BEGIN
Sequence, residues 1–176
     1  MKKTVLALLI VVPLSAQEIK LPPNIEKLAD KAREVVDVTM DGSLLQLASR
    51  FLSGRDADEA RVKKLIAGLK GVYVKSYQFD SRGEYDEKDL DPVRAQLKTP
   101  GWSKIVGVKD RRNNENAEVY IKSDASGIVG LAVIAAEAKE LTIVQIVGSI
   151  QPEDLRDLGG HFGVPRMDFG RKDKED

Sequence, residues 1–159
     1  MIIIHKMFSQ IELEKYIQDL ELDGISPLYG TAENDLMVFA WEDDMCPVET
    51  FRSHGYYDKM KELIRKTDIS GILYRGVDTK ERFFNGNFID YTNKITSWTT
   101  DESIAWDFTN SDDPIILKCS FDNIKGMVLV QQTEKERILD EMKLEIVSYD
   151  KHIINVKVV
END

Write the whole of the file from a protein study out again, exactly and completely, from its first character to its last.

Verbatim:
Sequence, residues 1–176
     1  MKKTVLALLI VVPLSAQEIK LPPNIEKLAD KAREVVDVTM DGSLLQLASR
    51  FLSGRDADEA RVKKLIAGLK GVYVKSYQFD SRGEYDEKDL DPVRAQLKTP
   101  GWSKIVGVKD RRNNENAEVY IKSDASGIVG LAVIAAEAKE LTIVQIVGSI
   151  QPEDLRDLGG HFGVPRMDFG RKDKED

Sequence, residues 1–159
     1  MIIIHKMFSQ IELEKYIQDL ELDGISPLYG TAENDLMVFA WEDDMCPVET
    51  FRSHGYYDKM KELIRKTDIS GILYRGVDTK ERFFNGNFID YTNKITSWTT
   101  DESIAWDFTN SDDPIILKCS FDNIKGMVLV QQTEKERILD EMKLEIVSYD
   151  KHIINVKVV